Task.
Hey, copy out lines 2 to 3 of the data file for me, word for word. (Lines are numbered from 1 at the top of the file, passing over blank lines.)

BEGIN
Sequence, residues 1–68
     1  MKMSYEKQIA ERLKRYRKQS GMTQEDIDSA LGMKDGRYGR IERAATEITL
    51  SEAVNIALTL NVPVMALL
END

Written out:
     1  MKMSYEKQIA ERLKRYRKQS GMTQEDIDSA LGMKDGRYGR IERAATEITL
    51  SEAVNIALTL NVPVMALL